In sexual harassment research, the importance of organizational variables has become increasingly clear. Utilizing the results of a survey conducted at a telecommunications company in 1997 (N = 458), this study elaborates on the impact of organizational culture on the incidence of unwanted sexual behavior in the workplace. Drawing on organizational and gender theory, we proposed that three organizational variables would be related to the levels of reported experiences of unwanted sexual behavior. First, the social climate in the organization is important: respondents who are positive about the social climate in their workplace have reported experiencing fewer unwanted sexual behaviors than respondents who perceive their organizations as less socially oriented. Second, a relationship was found between gender-specific aspects of the organizational climate and the extent of unwanted sexual behavior: respondents who think that their department has a positive attitude toward the equal treatment of women and men at work have themselves reported less frequently experiencing unwanted sexual behavior. Furthermore, it appears that the respondents who judge the attitude of management toward the combination of work and family to be positive have reported experiencing fewer incidences of unwanted sexual behavior within the department. (C) 2000 Academic Press.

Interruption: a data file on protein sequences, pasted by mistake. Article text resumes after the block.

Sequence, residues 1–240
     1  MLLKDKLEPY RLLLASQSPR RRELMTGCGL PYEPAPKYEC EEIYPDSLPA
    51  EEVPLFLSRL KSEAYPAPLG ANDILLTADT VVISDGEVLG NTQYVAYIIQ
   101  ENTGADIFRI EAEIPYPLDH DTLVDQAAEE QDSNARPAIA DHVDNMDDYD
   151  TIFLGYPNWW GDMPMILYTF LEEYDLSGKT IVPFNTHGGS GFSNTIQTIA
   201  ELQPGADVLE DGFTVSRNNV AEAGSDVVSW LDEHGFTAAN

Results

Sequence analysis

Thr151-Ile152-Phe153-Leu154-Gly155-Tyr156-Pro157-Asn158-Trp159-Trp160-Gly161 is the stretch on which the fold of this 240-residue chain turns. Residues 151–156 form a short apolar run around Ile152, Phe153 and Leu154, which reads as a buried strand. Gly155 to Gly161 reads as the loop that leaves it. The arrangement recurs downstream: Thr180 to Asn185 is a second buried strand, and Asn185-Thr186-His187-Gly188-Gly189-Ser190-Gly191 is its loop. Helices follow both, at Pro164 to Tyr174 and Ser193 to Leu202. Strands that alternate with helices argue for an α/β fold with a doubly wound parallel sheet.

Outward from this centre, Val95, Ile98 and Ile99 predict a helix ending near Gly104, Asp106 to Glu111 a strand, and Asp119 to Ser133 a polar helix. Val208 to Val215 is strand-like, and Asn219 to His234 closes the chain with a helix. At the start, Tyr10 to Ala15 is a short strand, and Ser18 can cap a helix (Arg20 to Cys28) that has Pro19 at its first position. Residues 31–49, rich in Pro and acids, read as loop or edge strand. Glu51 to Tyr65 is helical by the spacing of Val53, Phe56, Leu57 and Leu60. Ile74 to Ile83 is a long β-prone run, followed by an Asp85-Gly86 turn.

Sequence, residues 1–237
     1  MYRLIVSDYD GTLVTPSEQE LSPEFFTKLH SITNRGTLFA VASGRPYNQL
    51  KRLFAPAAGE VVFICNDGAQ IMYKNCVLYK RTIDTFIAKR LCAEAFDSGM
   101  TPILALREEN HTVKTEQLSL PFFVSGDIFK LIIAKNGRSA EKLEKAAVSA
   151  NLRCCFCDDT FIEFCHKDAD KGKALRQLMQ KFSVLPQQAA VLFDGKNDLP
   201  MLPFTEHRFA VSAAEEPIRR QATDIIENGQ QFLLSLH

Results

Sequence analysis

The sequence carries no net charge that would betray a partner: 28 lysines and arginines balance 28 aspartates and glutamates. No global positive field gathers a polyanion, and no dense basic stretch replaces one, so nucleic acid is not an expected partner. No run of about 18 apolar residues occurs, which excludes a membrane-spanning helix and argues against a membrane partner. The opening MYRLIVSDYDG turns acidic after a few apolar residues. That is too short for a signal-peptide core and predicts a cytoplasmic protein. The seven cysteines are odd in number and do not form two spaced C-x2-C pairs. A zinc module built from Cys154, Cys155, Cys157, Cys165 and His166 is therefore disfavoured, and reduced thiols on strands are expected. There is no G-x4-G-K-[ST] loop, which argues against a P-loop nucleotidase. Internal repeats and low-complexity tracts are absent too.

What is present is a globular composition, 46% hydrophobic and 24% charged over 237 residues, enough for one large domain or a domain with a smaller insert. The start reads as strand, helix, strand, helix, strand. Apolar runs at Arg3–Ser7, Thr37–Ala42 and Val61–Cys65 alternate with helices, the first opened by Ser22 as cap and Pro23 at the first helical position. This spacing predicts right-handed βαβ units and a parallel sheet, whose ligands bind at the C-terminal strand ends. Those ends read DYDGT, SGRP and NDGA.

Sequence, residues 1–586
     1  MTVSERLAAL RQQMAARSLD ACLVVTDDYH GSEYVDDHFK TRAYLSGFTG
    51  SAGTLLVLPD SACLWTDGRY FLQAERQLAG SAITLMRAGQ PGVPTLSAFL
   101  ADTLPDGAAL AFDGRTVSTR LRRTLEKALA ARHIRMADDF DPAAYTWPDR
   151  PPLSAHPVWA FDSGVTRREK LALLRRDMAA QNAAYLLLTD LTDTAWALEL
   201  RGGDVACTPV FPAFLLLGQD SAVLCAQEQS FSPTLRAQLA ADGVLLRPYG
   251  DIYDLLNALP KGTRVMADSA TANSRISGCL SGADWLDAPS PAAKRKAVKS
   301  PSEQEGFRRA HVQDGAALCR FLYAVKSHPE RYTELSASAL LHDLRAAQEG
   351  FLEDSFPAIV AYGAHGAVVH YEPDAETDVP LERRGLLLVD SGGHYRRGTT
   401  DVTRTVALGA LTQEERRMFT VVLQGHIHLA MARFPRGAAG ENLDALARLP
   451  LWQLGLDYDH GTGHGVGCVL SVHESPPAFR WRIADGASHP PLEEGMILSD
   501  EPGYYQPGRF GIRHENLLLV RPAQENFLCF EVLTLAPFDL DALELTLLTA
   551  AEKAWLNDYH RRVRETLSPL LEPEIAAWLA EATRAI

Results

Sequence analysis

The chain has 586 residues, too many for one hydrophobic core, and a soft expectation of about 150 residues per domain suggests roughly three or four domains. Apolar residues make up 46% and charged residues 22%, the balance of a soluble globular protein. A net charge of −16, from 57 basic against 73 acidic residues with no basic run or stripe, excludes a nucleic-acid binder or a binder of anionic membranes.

|Number of pages||18|
|Journal||Journal of Vocational Behavior|
|Publication status||Published - Oct-2000|